I love my job working as MAF’s communications officer in Uganda. What I love the most is being able to meet with partners and hear and see what work they’re involved in and to observe lives being changed.
While on the northern shuttle flying on LDR with Pilot Dave Forney, I was able to listen to Dr Richard Barnor’s life and death ordeal which has made him more convinced that flying with MAF is definitely his first choice over travelling by road.
The Work of Hope and Grace International
Before telling his ordeal, here’s some background information about his work. Hope and Grace International is led by Richard’s surrogate parents who have been in Africa since 1977 and have always flown with MAF.
Their organisation works in 29 refugee settlements offering discipleship & pastoral training, feeding programs, distribution of seeds and training from drip-feeding specialists. Dr Barnor has visited Uganda 6 times in the last 4 years and each time flown with MAF. ‘In 2016 I visited Bidi Bidi and there were 60,000 refugees just arriving. Within weeks it had swollen to 300,000 and NGO’s were trying to contain cholera. I saw a queue of children lined up for water and I noticed a lady pumping water for the children. The lady spoke perfect English and had been teaching in South Sudan. She explained to me that she lived in the states and had graduated from Indiana University with a masters in post-secondary education but when South Sudan gained independence she wanted to help her country. Here she was at the front of the line pumping water for those kids. I observed so many children running around and wondered how many women like her were in the settlements helping to educate the refugee children. I shared this story with the President of the worldwide Taekwondo organisation I’m involved in and we started the WT Humanitarian Foundation. We build educational facilities and approach educated women to come and help educate child refugees.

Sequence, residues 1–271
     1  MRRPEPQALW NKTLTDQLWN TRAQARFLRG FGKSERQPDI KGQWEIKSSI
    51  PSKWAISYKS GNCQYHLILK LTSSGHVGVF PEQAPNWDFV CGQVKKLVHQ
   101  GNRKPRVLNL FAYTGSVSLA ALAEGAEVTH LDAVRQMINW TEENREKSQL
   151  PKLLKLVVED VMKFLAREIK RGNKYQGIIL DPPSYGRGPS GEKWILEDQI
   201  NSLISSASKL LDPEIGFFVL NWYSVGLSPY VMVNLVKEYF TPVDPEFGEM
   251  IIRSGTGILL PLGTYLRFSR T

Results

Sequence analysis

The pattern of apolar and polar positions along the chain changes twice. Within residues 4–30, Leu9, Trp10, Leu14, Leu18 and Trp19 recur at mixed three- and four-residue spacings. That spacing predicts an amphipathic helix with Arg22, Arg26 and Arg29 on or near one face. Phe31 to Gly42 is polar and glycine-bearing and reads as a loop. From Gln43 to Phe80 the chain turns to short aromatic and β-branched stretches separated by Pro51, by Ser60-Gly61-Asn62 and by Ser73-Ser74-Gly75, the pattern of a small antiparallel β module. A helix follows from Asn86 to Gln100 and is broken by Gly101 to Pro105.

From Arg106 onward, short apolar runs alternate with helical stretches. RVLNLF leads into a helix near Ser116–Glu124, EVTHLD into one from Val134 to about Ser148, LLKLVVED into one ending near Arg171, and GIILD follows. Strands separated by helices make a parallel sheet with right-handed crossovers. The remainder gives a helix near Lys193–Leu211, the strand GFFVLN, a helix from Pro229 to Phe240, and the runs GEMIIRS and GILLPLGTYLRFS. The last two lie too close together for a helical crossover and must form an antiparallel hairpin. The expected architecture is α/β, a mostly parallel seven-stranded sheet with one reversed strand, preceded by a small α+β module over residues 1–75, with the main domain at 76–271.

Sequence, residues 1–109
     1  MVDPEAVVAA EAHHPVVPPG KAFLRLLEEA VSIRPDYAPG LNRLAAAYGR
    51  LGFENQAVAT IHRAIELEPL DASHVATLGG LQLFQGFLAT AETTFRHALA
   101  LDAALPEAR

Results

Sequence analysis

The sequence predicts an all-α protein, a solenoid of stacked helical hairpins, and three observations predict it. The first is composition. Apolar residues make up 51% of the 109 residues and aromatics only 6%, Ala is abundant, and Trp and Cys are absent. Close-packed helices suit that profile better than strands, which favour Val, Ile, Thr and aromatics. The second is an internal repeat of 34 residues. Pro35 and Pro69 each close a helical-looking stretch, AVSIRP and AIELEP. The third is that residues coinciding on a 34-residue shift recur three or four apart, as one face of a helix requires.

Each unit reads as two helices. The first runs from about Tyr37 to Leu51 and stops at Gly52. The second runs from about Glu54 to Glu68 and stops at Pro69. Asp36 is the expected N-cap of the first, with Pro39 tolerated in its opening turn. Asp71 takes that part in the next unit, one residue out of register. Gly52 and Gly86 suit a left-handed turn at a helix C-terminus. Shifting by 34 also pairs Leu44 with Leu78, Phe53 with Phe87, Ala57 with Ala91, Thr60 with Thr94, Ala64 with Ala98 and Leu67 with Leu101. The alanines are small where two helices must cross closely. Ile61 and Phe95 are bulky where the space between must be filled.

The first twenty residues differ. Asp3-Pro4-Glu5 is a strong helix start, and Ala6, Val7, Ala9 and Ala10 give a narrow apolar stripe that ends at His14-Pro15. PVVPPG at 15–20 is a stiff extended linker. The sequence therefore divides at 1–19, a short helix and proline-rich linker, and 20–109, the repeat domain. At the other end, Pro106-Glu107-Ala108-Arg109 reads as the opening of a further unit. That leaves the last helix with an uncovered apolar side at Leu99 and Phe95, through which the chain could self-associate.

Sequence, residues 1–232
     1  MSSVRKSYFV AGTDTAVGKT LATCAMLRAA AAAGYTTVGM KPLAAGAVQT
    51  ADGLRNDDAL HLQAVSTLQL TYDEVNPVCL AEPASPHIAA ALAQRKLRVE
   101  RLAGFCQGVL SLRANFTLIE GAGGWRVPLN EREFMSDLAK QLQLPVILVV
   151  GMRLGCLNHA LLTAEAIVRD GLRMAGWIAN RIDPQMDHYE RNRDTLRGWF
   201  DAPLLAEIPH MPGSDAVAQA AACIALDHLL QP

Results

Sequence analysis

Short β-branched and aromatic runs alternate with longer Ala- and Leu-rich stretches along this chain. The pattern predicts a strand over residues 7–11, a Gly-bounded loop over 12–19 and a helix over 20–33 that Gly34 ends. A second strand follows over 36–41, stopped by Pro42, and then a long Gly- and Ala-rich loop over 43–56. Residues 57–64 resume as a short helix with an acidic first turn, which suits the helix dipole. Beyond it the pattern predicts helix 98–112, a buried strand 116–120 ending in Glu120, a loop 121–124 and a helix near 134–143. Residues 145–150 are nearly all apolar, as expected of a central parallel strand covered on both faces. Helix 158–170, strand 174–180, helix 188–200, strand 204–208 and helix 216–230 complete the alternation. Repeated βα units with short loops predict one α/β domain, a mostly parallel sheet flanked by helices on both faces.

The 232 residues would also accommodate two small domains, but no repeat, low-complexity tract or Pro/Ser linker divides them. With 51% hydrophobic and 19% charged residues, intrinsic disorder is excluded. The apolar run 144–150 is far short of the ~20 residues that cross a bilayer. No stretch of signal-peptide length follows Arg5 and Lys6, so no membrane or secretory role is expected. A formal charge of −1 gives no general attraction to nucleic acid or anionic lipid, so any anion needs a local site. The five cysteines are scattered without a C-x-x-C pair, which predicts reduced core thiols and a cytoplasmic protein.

A Child Soldier’s Life-Changing Imprint
One individual that stands out to Dr Barnor out of all his encounters was a child soldier he first met in 2016. ‘He can’t ever talk to me without crying when he says, ‘Can God really forgive me after all that I’ve done?’ He was taken as a child soldier at the age of 8 till he was 22. Barnor’s spiritual parents took him under their wing and he’s become extremely effective bringing the gospel to many in the settlements. He now leads 80 discipleship groups each with 15 refugees he personally disciples.’ Dr Barnor went on to say something that resounds very strongly with me, ‘It’s the goodness of God that brings people to repentance. Missionaries and NGO’s in the camps have gone to just love the refugees and this is changing them.’
Why I will always choose to fly with MAF
The week before I met Dr Barnor, he was travelling by road to Adjumani. It was raining heavily when the van’s tyre blue out. ‘The van spun out of control and flipped over. We were in the middle of nowhere so were trapped for 10 minutes before anyone came along. The locals had to smash the rear window for us to crawl out. I wasn’t meant to be flying with MAF today but because of the accident I feel safer and we also no longer have a van.’
The safety of MAF’s flights and how much more they’ve been needed throughout this extended wet season we’ve been experiencing in East Africa is inestimably valuable to so many that fly with us every day.
Jill Vine, MAF Communications